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The Red Boots

By Pat Tyler

When I turned nine I developed a profound longing for life's non-essentials, the first being a pair of cowboy boots like my rich cousin Vivian's. I knew Vivian was rich because she lived on a big ranch and had a horse of her own. But it wasn't her horse I coveted: It was her boots. Once I'd seen them I couldn't get them out of my mind.

They were Knock-Out Red and red looked good on me. I thought about them every morning and I prayed for them every night. Weeks passed and, despite my prayers, no boots appeared. It was time to get practical. I went to the barn.

"Daddy," I said. "I want some cowboy boots. Red ones, like Vivian’s.”

He sat on the last sack of grain and looked me in the eye. “Do you need them?"

I stopped to think. "I don't know. I really like them. And I want them real bad. I just have shoes."

"Well, there's wanting boots," he said, "and then there's needing boots." He patted the grain sack, inviting me to sit beside him. "Can you ride a horse in just shoes?"

"I guess."

"Can you walk around in just shoes?"

"Yeah, but Daddy," I whined.

"Honey, if you really needed boots, I'd find a way to get them. But, right now, what this family needs is grain for the cattle and a pump for the well."

I focused on my Oxfords, pretending they were boots. I prayed Daddy would stop talking. He didn't.

"For example, people can't live without food and water," he continued.

"They're essential. We don't just want them, we need them in order to live. Understand?"

"Yeah," I grumbled. Daddy tousled my hair and I knew his talk had ended. My longing for red boots had not.

Soon after, grain appeared in the barn and Mama had water in the house again, but I didn't have any boots. I prayed harder and harder. Months passed. No boots appeared. Didn't God have boots either, I wondered?

In time, my obsession faded. I fixated instead on my tenth birthday. My dad was planning a down-home rodeo behind our barn, with barrel races, calf roping, and prizes for the contest winners. Cousin Vivian was coming.

Finally, my birthday arrived. The rodeo ended and the prizes were distributed. We dashed to the house for cake. I could hardly wait to open my presents. The last gift I opened was in a box so big it came clear up to my belly button. Inside I found another smaller box and inside that box were four more, each one smaller than the one before. In the last box, beneath a wad of crumpled newspaper, I discovered a perfect pair of bright red cowboy boots.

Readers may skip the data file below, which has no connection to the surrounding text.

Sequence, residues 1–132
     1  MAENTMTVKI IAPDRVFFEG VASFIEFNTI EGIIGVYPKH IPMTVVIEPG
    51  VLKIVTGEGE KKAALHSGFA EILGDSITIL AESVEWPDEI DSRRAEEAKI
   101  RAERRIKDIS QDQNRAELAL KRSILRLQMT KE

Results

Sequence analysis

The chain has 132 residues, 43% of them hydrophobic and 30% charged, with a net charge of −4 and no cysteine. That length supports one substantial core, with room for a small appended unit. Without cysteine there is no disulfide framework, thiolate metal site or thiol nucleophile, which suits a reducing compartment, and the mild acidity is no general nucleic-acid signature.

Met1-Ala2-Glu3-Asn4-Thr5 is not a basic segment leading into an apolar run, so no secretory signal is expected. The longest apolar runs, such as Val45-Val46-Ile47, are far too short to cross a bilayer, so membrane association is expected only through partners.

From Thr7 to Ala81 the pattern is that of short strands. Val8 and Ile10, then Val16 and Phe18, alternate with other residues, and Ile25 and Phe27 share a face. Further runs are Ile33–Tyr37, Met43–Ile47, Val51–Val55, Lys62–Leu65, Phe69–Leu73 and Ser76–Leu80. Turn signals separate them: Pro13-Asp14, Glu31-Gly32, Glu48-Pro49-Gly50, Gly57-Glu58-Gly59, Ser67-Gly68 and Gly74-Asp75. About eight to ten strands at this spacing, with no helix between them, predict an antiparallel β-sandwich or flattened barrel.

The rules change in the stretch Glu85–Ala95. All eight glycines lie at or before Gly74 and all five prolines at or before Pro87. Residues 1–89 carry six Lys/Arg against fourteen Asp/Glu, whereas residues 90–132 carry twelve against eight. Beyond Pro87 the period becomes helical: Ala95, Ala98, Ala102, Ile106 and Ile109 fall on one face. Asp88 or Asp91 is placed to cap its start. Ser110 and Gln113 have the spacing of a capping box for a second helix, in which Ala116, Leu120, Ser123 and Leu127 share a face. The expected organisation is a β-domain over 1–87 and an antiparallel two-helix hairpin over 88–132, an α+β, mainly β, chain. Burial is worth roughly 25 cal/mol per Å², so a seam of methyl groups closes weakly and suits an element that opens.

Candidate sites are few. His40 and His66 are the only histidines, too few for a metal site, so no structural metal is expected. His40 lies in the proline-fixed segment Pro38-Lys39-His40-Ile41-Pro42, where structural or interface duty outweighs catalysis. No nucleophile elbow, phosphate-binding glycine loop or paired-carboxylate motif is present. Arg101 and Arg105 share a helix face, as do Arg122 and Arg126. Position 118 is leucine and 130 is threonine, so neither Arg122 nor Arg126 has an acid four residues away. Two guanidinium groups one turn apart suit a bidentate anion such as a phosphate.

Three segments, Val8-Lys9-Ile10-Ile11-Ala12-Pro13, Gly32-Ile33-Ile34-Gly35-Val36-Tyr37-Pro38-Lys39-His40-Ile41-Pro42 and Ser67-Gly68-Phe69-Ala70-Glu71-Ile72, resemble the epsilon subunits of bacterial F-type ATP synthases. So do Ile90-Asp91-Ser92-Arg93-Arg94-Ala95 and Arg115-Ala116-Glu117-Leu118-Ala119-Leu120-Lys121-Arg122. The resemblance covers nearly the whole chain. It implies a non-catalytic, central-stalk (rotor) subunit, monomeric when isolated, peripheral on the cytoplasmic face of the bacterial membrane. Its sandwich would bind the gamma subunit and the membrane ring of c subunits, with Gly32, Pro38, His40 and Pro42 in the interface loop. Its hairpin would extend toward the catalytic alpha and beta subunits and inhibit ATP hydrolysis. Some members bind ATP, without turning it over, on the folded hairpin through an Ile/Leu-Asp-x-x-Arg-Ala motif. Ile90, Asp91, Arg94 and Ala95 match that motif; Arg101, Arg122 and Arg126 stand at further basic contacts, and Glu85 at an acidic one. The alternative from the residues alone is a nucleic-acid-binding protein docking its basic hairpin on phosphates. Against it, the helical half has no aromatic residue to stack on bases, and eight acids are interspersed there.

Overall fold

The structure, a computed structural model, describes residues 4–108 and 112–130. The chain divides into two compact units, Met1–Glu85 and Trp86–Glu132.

My mouth flew open. I could hardly breathe. "Daddy! Red boots! They're beautiful!"

As I danced in joyful circles one boot flew east, the other west. I grabbed them and slid my feet back inside. My ankles buckled. One boot listed starboard. I yanked it up and shuffled toward my Dad.

"You'll grow into them, Honey," my dad said chuckling. "I couldn't waste money on boots you'd outgrow tomorrow, could I?"

I hugged him. "Can I try them out now?"

"You bet," he said.

We left the house and walked straight to the barn. Actually, my Dad walked; I shuffled slowly. With each step one boot or the other would slip from my foot. I slid stiff-legged across the dusty corral.

My father had saddled our horse, Queenie. When I shoved my left foot into the stirrup and swung my right leg over the saddle, my right boot sailed off and landed in the nest of Daddy's favorite chicken, Harriet. Harriet panicked, squawked, flew into Queenie's face, and clawed her. Queenie squealed and reared like a racer at the starting gate. My left boot slid from my foot to the ground, landing squarely beneath Queenie's front hoof. Before I dropped back in my saddle, Daddy had snatched it up and held it tight, but I saw the deep gash—a print of Queenie's horseshoe—etched in the new red leather.

"It's ruined," I said, blinking back tears.

"Don't cry honey. It could've been worse," he said, rescuing my second boot from Harriet's nest. "You could've needed these boots. What if they were all you had?"

I couldn't stop sniffling.

"Besides," he continued. "Now they look like they belong to a real cowgirl. Like they've been around a while. Forget about this ding.”

I never did. And, although eventually I grew from that tomboy into a cowgirl, a teenager, a wife and a mother, I never grew into those boots. When Dad visited I would wear three pairs of socks and spray adhesive on the insoles to keep them on for an hour or two.

Once, when I was leaning forward in my kitchen chair and pulling on a final layer of socks, my husband said, “why don’t you chuck those things. They’re so big. They look ridiculous.

"I love these boots," I said. I ran my fingertips over the hoof print embossed like a brand in the old crackled leather. I stood and felt the familiar movement of my feet as they slid north and south then snuggled into their proper places. "Didn't I ever tell you about these?"

He shook his head, no.

"I got them a long time ago,” I said, wriggling my toes. “When I didn't even need them."

 

Pat Tyler’s work has been published in Fate Magazine, Tacoma News Tribune, To Honor A Teacher (A Jeff Spoden Anthology), and Good Housekeeping Magazine. Pat won awards in Writer's Digest's Annual Competitions in 2000 and 2003. She is retired and living in the small town of Cotati, located at the hub of Sonoma County in Northern California's Wine Country.


Photo courtesy of Freeimages.co.uk.

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